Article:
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Old 02-26-2006, 04:07 PM   #21
Eugene R. Allen
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Google gender and you will get a rather eye opening collection of stuff like this as regards some airport detection equipment:

Several new detection devices were deployed in Orlando International Airport yesterday (March 15, 2002). These prototype machines will be tested here to determine whether similar machines should be deployed nationwide. These machines may potentially expose cross-dressing or cross-living individuals to public challenge, humiliation, detainment, not to mention flight delays! Transpeople should be aware of these machines, and may want to oppose their deployment on the grounds that they pose a violation of privacy. Information on how to register opposition is given below.

Transpeople, cross-dressing, cross-living individuals. OhhhhKay. Entire industries are built around this whatever-you-do-it's-OK mindset. In a philosophy class I took at PLU the professor brought in this 6' 2" 230+ pound guy who dresses as a woman. Heels, dress, wig, stuffed bra, 5 o'clock shadow, adam's apple and an absurdly affected voice. His, it's point was that it was just so awful that people are mean to him when he dresses like that, and that people shouldn't be that way. Agreed. My posit that men shouldn't dress like women brought us through this idiotic construct of gender identity and confusion. For the record Tim, you have no confusion whatever but that Bimbob (that reminds me, it went by Roberta) in class sure did. What would all the people that make a business out of gender issues do if we went back to what I learned back in the 60's that there were girls that did mostly girl stuff, guys that did mostly guy stuff and girls working out and playing sports is OK and guys dancing being interior decorators will pass but guys wearing dresses, cutting off their man parts or getting married to each other for crying out loud is just not cool. I just must not be with it, I think men should marry women.

I might be getting off the track here. As far as male dominated social constructs go and that hyper-masculinity thing - the CF girls collectively and individually can do pretty much everything CF better than I can. I am a guy and they can smoke me in every measureable sense. Yet, they are as beautiful, graceful, feminine and gender entrenched as females as any Oprahfied, Dr. Philled housewife. How can the dichotomy of maleness and femaleness be measured on some absolute scale when very feminine women can outperform very male men?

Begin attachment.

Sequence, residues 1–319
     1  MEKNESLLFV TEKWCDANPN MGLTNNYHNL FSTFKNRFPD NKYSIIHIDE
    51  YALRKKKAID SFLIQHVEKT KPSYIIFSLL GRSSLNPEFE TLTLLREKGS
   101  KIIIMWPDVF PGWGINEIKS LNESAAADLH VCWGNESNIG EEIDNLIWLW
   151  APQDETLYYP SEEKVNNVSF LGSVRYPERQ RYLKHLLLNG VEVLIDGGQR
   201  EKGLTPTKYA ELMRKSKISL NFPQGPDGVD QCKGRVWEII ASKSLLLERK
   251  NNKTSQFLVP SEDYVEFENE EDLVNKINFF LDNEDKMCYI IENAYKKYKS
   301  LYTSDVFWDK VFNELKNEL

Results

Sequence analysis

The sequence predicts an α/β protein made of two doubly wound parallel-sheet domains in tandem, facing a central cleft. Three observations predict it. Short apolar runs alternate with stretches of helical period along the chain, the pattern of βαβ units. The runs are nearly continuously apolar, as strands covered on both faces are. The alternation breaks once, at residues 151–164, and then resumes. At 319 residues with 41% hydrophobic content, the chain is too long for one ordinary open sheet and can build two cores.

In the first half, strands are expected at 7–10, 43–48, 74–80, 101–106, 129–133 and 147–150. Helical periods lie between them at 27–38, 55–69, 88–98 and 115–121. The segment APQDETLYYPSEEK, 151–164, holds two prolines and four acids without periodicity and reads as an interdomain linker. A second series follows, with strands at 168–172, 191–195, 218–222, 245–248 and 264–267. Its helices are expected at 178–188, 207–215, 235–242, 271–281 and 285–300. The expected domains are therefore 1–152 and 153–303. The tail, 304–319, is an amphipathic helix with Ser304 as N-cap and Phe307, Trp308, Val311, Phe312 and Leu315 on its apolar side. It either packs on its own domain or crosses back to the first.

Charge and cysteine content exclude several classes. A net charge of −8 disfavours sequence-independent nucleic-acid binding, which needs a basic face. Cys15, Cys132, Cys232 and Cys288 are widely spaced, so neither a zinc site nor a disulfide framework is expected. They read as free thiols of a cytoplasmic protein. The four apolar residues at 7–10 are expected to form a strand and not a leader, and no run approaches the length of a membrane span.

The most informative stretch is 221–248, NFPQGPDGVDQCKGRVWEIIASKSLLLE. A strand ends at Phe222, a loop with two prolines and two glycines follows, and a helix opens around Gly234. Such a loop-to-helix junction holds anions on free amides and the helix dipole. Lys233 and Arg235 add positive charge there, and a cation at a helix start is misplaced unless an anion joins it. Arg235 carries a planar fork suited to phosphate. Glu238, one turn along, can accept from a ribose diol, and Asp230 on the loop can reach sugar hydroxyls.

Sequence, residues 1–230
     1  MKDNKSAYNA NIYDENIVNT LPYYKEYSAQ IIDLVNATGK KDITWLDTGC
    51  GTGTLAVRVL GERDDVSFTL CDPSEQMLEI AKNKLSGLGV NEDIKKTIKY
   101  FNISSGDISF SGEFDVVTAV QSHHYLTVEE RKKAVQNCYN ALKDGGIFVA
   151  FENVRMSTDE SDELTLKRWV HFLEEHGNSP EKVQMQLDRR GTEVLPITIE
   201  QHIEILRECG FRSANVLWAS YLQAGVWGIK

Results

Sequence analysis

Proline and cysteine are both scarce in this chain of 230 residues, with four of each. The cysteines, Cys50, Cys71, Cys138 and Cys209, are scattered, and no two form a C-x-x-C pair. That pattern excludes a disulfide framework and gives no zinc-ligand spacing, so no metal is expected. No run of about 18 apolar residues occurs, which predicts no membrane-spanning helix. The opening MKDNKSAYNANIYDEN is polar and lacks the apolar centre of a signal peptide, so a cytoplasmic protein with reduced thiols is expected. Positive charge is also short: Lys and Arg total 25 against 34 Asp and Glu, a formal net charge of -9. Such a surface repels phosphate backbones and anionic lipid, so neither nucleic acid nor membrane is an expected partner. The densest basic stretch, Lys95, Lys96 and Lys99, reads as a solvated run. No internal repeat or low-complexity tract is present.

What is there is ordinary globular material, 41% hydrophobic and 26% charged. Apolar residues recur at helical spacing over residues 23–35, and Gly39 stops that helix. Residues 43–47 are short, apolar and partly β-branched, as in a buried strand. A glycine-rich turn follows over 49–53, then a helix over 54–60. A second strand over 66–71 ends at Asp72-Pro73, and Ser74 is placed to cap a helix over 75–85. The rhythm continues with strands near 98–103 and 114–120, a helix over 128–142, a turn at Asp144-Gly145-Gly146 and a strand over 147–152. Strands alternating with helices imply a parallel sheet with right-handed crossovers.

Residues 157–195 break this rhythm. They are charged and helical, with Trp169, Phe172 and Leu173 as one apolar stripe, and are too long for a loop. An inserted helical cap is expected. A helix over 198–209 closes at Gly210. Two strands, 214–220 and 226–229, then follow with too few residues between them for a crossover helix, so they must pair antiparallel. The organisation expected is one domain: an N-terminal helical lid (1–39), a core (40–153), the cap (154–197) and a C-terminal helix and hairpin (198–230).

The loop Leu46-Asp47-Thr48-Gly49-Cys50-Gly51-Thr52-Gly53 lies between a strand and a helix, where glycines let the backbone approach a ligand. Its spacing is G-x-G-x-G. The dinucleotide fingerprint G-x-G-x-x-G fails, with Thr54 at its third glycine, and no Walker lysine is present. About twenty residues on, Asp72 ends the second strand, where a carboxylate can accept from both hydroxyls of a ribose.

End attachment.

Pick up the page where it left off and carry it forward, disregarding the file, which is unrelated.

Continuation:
CrossFit takes no prisoners and is blind to race, sex, gender, political persuasion or belief system. We don't measure our masculinty on how we stack up against the CF girls, if we did, I'd have to change my name to Nancy.
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Old 02-26-2006, 04:17 PM   #22
Sarah Paynter
 
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Kawika,

Yeah, I was talking about the dominant western/Eurocentric conception of masculinity which exists today. Hegemonic masculinity has spread to various places around the world. I think you can go ahead and point a blaming finger directly at white, Eurocentric/western concepts of masculinity for being imposed on traditional or tribal (as you call them) gender systems especially where colonialism was present. See, the pointing of the finger is at a system or set of social/political relations that privileges something or someone over another… the pointing is not at a person.

When I say that a certain masculinity dominates, I’m not angry at men, I’m just recognizing a social process whereby certain men (white, middle class, Christian??? Other??) are privileged over others (such as men of colour, homosexual, anyone feminine, including women). These men aren’t trying to be EVIL or BAD… are not necessarily consciously trying to dominate others, but they are privileged within society compared to others. hypermasculinity probably hurts more men than it does women anyway.